What Moves at the Margin by Toni Morrison
Selected Nonfiction

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Synopsis

What Moves at the Margin collects three decades of Toni Morrison's writings about her work, her life, literature, and American society. The works included in this volume range from 1971, when Morrison (b. 1931) was a new editor at Random House and a beginning novelist, to 2002 when she was a professor at Princeton University and Nobel Laureate. Even in the early days of her career, in between editing other writers, writing her own novels, and raising two children, she found time to speak out on subjects that mattered to her. From the reviews and essays written for major publications to her moving tributes to other writers to the commanding acceptance speeches for major literary awards, Morrison has consistently engaged as a writer outside the margins of her fiction. These works provide a unique glimpse into Morrison's viewpoint as an observer of the world, the arts, and the changing landscape of American culture.

The first section of the book, "Family and History," includes Morrison's writings about her family, Black women, Black history, and her own works. The second section, "Writers and Writing," offers her assessments of writers she admires and books she reviewed, edited at Random House, or gave a special affirmation to with a foreword or an introduction. The final section, "Politics and Society," includes essays and speeches where Morrison addresses issues in American society and the role of language and literature in the national culture.

Among other pieces, this collection includes a reflection on 9/11, reviews of such seminal books by Black writers as Albert Murray's South to a Very Old Place and Gayl Jones's Corregidora, an essay on teaching moral values in the university, a eulogy for James Baldwin, and Morrison's Nobel lecture. Taken together, What Moves at the Margin documents the response to our time by one of American literature's most thoughtful and eloquent writers.

Toni Morrison is the Robert F. Goheen Professor Emerita at the Center for Creative and Performing Arts at Princeton University and is the author of Sula, Song of Solomon, Beloved, Paradise, and other novels. She has received the National Book Critics Circle Award, the Pulitzer Prize, and the 1993 Nobel Prize in Literature. Carolyn C. Denard is the author of scholarly essays on Toni Morrison and the forthcoming Cambridge Introduction to Toni Morrison. She is Associate Dean of the College at Brown University and founder of the Toni Morrison Society.

 

About Toni Morrison

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Toni Morrison was born in Lorain, Ohio on February 18, 1931. She received a B.A. in English from Howard University in 1953 and a master's degree in English from Cornell University in 1955 with her thesis on the theme of suicide in modern literature. She taught at several universities including Texas Southern University, Howard University, and Princeton University. Her first novel, The Bluest Eye, was published in 1970. Her other works include Sula, Tar Baby, Jazz, Paradise, Love, A Mercy, and Home. She has won several awards including the National Book Critics Circle Award for 1977 for Song of Solomon, the Pulitzer Prize for Beloved in 1988, the Nobel Prize in Literature in 1993, and the Presidential Medal of Freedom in 2012. She also co-wrote children's books with her younger son, Slade Morrison, including The Big Box, The Book of Mean People, and Peeny Butter Fudge. Carolyn C. Denard is an associate dean of the College at Brown University and founder of the Toni Morrison Society of the American Literature Association.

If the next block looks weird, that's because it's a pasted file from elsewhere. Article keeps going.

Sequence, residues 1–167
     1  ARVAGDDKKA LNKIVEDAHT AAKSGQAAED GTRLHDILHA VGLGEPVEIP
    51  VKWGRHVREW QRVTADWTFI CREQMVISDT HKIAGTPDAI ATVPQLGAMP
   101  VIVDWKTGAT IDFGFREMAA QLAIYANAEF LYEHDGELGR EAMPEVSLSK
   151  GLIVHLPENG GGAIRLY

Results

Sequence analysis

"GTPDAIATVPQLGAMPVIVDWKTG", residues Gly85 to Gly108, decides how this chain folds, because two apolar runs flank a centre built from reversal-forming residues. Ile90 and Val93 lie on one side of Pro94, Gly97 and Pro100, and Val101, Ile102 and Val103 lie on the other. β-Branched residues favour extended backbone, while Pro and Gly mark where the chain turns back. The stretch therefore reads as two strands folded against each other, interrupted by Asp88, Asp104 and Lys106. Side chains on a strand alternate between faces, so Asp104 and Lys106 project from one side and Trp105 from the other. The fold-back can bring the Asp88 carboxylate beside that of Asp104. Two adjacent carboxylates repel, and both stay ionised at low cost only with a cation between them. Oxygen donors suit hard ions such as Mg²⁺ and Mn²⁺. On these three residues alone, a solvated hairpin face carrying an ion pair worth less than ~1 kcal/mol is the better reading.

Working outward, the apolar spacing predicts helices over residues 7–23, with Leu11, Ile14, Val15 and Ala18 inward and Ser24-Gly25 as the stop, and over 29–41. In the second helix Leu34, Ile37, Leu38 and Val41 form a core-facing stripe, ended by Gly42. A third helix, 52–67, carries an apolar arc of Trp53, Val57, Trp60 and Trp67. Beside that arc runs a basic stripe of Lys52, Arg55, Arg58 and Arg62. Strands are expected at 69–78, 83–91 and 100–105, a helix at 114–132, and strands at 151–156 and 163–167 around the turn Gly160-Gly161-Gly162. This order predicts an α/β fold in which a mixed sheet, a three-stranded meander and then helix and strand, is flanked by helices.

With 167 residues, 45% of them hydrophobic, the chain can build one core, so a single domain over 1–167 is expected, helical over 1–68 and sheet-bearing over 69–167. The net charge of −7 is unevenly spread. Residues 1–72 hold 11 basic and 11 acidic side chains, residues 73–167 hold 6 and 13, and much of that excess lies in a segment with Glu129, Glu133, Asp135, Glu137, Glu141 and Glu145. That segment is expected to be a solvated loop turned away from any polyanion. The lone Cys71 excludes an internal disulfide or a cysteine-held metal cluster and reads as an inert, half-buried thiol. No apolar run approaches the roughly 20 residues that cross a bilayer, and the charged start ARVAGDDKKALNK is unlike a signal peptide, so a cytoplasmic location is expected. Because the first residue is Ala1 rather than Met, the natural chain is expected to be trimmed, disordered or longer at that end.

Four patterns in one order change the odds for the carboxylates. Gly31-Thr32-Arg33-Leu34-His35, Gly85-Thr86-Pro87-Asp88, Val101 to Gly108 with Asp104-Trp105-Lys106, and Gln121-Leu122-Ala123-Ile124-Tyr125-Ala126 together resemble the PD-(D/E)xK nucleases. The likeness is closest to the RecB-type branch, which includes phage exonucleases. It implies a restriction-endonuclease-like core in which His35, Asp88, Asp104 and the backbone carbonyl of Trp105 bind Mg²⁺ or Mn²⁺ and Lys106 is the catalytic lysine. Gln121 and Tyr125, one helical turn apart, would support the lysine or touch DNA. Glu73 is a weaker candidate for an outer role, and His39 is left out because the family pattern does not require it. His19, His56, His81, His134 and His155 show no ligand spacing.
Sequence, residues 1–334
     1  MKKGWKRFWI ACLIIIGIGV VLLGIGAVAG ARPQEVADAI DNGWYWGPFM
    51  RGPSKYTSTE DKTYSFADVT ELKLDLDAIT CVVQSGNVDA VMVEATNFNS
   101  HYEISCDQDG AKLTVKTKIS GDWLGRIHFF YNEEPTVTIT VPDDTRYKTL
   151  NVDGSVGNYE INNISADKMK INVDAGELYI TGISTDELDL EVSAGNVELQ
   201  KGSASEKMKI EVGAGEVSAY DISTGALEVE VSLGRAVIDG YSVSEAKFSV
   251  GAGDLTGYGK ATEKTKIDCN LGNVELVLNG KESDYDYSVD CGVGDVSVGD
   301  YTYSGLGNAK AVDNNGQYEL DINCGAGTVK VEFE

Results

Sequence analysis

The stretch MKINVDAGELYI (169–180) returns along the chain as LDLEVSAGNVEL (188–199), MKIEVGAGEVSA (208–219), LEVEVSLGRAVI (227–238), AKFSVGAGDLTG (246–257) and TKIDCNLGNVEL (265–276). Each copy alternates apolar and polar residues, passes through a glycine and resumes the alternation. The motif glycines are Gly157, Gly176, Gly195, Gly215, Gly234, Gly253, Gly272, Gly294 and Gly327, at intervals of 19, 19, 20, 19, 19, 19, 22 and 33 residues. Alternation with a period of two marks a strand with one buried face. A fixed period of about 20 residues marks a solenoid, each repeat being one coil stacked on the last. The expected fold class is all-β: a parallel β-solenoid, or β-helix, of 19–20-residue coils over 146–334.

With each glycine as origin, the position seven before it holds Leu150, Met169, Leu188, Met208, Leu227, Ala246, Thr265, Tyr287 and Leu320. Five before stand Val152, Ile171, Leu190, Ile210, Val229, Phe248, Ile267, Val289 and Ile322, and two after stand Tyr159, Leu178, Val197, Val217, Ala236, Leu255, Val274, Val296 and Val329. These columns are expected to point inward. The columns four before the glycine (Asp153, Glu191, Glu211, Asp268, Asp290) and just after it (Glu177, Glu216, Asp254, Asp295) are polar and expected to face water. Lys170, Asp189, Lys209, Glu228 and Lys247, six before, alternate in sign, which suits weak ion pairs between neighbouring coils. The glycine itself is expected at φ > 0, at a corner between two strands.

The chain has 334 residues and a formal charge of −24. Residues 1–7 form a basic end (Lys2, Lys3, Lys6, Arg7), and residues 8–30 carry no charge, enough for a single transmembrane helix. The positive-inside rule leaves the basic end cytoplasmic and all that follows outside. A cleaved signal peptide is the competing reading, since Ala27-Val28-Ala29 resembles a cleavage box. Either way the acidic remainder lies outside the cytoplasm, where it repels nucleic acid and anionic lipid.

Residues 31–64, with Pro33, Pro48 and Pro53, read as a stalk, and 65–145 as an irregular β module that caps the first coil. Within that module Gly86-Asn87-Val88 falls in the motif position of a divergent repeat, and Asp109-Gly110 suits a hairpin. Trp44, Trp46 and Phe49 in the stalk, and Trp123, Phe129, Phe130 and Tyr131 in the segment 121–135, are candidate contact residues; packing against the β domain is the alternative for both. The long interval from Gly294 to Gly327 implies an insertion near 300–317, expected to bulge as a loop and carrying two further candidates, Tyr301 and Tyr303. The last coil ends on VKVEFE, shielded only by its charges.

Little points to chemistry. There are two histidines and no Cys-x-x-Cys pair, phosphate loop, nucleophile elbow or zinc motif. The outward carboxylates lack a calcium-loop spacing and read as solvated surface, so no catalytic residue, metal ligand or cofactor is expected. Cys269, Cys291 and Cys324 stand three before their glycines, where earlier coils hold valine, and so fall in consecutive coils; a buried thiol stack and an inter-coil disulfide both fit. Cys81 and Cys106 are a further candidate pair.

Published April 1, 2008 by University Press of Mississippi. 212 pages
Genres: Literature & Fiction. Non-fiction

Unrated Critic Reviews for What Moves at the Margin

Publishers Weekly

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Although Morrison’s powerful novels on race and identity have secured her literary reputation, the commanding voice of her essays, speeches and reviews offers compelling insights into family, history, other writers and politics.

Jan 07 2008 | Read Full Review of What Moves at the Margin: Sel...

Bookmarks Magazine

Among other pieces, this collection includes a reflection on 9/11, reviews of such seminal books by Black writers as Albert Murray's South to a Very Old Place and Gayl Jones's Corregidora, an essay on teaching moral values in the university, a eulogy for James Baldwin, and Morris...

May 26 2008 | Read Full Review of What Moves at the Margin: Sel...

Red Room

Denard, founder of the Toni Morrison Society, What Moves at the Margin stands as a self-defining commentary on Morrison's overall cultural vision and as a singular extension of her literary output.

| Read Full Review of What Moves at the Margin: Sel...

Project MUSE

Although Morrison’s literary reputation, as Denard maintains, rests on her riveting novels, her nonfiction essays are mature statements in that they are powerful expressions of the novelist’s unique worldview—a vision the Swedish Academy defined as “an essential aspect of American reality.” Di...

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